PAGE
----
After serving as a Peace Corps teacher in Malawi, I started Village X Org to answer three nagging questions about people living in poverty: What do they want? Why do they want it? What impacts flow from empowering them directly? It seemed counterintuitive that the poorest people on the planet lacked ownership over their development aspirations. It still does.
Village X Org is a humble financier. We partner directly with villages, crowdfund their development priorities, and rigorously measure results. Since 2015, we’ve raised $85,000 for 22 projects, joining over $4,000 raised by villages. Projects cost half the NGO price, and villages complete them within one month of funding. 30,000 people in Malawi now enjoy communities improved by clean water, goat herds, nursery schools, teacher houses, and agricultural inputs. Stay tuned for our reports being published soon!
Yet, it hasn’t been easy. Having never lived in a village, most Americans cling to a false narrative that Africans are corrupt and incompetent. It’s hard to convince them that we should heed our limitations as outsiders and leverage a wealth of local capacity to foster development faster, less expensively, and more sustainably than the status quo. It seems crazy to flip the paradigm: communities do the teaching and we do the learning. Only then do we share our findings with other development actors. In our view, crazy is good.
We’ve refused to compromise our principles because we believe we’re doing the right thing. X-treme feedback isn’t an element of our model; it is our model. Here’s what we’ve learned:
- Cash is king. Most NGOs fail to recognize the single most important indicator of feedback — whether target populations invest cash for interventions. Cash is the true international language. It hurts to part with cash, while in-kind contributions are painless to provide and easy to manipulate. When NGOs don’t require a local cash investment, they commandeer the problems of others and muffle local voices.
- Talk is cheap. Feedback comes in many forms, but actions speak much louder than words. Surveys and interviews are notoriously unreliable, and locals often won’t tell you what you’re doing wrong without having skin in the game (i.e., cash). Feedback also runs both ways. We find that committing to one cash transfer per year for 10 years fosters mutual respect between us and the villages, and discourages corruption.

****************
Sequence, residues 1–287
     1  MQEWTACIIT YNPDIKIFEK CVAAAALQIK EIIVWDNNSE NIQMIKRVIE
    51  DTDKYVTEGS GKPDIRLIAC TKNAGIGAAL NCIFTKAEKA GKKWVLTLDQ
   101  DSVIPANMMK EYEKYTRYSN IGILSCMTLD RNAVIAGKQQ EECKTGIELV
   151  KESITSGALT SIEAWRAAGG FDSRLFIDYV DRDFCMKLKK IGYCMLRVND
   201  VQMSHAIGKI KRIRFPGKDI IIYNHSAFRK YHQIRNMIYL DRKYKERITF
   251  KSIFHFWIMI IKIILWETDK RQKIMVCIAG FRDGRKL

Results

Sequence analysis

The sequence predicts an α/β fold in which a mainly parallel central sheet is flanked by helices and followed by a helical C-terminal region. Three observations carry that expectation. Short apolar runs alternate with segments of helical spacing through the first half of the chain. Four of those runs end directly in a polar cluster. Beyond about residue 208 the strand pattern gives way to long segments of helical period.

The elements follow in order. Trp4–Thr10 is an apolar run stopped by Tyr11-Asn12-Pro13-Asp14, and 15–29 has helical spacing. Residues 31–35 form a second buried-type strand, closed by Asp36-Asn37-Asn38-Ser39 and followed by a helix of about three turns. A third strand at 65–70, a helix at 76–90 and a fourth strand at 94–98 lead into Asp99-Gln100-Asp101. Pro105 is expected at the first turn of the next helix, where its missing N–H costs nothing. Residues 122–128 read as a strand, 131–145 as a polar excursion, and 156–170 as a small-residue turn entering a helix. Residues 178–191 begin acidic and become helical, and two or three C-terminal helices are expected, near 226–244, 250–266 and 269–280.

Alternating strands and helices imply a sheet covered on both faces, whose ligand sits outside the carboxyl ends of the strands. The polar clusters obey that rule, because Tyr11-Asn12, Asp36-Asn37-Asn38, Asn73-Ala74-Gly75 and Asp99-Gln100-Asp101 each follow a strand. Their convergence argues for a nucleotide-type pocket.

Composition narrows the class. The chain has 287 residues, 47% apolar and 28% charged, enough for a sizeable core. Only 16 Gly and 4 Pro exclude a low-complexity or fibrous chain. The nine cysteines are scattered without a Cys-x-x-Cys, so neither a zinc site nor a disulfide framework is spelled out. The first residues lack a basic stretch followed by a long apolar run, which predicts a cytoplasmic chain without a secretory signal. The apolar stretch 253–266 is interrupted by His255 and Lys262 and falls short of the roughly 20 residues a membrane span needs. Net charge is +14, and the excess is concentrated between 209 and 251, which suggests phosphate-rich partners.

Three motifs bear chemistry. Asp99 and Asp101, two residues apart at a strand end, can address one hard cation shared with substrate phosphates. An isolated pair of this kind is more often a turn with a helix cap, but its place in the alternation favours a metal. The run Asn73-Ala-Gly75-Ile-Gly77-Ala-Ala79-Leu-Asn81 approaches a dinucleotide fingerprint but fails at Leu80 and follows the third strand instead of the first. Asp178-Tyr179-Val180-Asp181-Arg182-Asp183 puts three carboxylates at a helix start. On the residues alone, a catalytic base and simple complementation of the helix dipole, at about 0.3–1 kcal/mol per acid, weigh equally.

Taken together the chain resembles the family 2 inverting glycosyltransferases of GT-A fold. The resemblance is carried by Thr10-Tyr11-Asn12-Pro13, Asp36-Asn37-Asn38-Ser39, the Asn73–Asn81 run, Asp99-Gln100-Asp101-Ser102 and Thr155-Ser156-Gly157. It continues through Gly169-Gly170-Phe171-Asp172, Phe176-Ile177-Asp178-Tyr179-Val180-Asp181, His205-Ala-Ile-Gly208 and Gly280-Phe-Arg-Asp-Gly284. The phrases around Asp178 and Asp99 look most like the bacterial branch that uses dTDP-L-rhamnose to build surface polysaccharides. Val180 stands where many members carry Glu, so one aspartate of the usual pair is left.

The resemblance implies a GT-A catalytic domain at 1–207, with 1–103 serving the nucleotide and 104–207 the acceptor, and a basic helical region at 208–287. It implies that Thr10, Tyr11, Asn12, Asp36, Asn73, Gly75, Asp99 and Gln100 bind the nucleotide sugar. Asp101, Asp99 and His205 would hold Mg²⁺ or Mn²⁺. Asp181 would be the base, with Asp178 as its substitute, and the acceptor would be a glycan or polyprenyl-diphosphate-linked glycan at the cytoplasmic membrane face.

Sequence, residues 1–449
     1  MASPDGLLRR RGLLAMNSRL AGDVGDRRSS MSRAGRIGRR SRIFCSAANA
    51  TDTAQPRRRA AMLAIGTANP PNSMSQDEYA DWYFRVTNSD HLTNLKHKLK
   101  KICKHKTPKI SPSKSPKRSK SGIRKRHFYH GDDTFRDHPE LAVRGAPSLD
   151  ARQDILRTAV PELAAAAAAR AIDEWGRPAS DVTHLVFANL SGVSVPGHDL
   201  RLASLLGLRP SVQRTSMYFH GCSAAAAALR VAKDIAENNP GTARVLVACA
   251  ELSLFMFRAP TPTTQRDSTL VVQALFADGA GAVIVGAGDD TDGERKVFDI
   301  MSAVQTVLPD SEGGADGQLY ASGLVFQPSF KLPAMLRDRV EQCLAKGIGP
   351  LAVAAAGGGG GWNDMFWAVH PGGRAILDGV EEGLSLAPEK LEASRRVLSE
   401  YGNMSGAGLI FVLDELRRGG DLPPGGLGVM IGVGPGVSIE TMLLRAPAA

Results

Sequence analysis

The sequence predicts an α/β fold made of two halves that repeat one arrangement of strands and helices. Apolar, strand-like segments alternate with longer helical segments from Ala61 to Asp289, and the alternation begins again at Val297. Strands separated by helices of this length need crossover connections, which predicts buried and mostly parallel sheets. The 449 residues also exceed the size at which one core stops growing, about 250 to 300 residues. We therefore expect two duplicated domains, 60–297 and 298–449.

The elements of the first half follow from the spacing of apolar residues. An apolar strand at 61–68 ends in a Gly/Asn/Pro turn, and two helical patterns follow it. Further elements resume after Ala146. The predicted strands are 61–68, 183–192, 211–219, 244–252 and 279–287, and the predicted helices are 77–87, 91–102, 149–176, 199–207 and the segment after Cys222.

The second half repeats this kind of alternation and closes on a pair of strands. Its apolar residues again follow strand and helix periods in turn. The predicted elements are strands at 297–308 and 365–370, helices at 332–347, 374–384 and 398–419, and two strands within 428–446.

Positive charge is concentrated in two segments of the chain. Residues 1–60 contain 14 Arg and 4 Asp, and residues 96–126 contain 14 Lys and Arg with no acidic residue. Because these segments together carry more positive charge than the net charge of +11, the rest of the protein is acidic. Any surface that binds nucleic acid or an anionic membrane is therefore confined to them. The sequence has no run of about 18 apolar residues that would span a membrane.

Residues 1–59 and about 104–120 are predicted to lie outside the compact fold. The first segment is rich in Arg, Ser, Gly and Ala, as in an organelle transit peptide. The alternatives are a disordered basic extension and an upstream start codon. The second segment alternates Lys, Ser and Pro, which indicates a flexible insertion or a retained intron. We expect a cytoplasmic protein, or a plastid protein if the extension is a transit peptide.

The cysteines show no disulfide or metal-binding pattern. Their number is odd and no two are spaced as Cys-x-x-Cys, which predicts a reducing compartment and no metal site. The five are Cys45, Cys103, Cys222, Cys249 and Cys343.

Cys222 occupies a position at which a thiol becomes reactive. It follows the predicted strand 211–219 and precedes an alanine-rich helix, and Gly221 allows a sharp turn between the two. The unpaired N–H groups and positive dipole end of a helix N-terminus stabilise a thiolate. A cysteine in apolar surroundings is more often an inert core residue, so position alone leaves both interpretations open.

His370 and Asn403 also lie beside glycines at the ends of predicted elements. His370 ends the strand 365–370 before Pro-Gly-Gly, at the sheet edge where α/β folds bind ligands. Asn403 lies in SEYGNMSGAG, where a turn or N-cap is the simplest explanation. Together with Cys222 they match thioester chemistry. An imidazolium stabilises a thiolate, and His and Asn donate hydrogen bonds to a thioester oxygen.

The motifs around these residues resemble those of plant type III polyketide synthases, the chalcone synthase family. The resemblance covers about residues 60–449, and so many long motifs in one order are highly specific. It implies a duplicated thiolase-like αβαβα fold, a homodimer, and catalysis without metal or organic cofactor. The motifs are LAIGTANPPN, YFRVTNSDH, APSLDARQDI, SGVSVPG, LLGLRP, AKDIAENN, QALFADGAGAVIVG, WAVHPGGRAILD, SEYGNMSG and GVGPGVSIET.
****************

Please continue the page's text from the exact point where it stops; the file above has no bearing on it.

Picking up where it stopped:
- Control is overrated. We bet on the capacity of rural villages to solve local problems. Villages are places on a map that we can visit and track, complete with intact leadership structures and intense interpersonal accountability. They teem with capable people who alone possess a complete understanding of what’s not only technically achievable, but culturally, politically, and financially feasible. Treating them as valued stakeholders possessing the dignity of choice is not only more effective, it’s much more scalable.
Boreholes we finance sit at the center of villages, not in inconvenient yet conspicuous places chosen by politicians. Empowered with investment, villages illuminate development pathways obscured from the outside. Goat herds finance girls’ education and nursery schools help boost agricultural yields. We’ve learned a sobering lesson: villages need our financing more than our ideas.
The world teeters on the edge of a development revolution, facilitated by technology penetration. Likoswe Village needed a nursery school and asked Village X Org for help. We raised and transferred about $1,800. With light oversight from our field officers, Likoswe received the transfer and, within a month, constructed the nursery school. We posted live picture updates of the project from start to finish. The school serves not only 69 kiddos in the morning, but teenagers seeking sexual and reproductive health education in the afternoon.
Likoswe wants a goat herd next. Residents raised the required cash contribution. Who’s in?
Michael Buckler is the CEO and General Counsel of Village X Org, a 501(c)(3) nonprofit that crowdfunds cash transfers for projects led and partially financed by communities in Malawi. Before starting Village X Org in 2014, Michael worked as an intellectual property and international trade attorney and served as a Peace Corps teacher in Malawi. Michael is the author of From Microsoft to Malawi: Learning on the Front Lines as a Peace Corps Volunteer (Hamilton Books, 2010), articles related to international trade and litigation, and op-eds and blog posts on international development. He is currently pursuing a Master’s of Public Policy degree at the Woodrow Wilson School of Public and International Affairs at Princeton University.